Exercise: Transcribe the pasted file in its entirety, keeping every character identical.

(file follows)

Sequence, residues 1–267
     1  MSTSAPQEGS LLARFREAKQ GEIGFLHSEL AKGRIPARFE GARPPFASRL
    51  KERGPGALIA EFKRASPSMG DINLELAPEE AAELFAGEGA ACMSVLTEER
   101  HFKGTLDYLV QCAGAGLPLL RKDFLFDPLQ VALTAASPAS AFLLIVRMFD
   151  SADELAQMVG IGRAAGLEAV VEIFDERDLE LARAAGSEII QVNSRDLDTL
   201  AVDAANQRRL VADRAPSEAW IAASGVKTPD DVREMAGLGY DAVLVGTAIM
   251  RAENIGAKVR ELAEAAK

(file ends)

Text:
Sequence, residues 1–267
     1  MSTSAPQEGS LLARFREAKQ GEIGFLHSEL AKGRIPARFE GARPPFASRL
    51  KERGPGALIA EFKRASPSMG DINLELAPEE AAELFAGEGA ACMSVLTEER
   101  HFKGTLDYLV QCAGAGLPLL RKDFLFDPLQ VALTAASPAS AFLLIVRMFD
   151  SADELAQMVG IGRAAGLEAV VEIFDERDLE LARAAGSEII QVNSRDLDTL
   201  AVDAANQRRL VADRAPSEAW IAASGVKTPD DVREMAGLGY DAVLVGTAIM
   251  RAENIGAKVR ELAEAAK